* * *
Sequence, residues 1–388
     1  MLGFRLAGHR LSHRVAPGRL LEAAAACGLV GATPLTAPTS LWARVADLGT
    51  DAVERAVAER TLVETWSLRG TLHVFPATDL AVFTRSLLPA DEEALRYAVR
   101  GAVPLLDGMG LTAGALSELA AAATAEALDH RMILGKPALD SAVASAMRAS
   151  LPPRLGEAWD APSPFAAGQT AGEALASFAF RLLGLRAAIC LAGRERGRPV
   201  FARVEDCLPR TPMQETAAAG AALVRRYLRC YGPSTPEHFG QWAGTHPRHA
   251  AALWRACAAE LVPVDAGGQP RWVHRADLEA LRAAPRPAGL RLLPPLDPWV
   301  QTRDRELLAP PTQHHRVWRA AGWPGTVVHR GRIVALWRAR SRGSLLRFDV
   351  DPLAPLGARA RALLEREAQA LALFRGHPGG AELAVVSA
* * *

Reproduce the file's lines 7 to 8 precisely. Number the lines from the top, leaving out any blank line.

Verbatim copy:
   251  AALWRACAAE LVPVDAGGQP RWVHRADLEA LRAAPRPAGL RLLPPLDPWV
   301  QTRDRELLAP PTQHHRVWRA AGWPGTVVHR GRIVALWRAR SRGSLLRFDV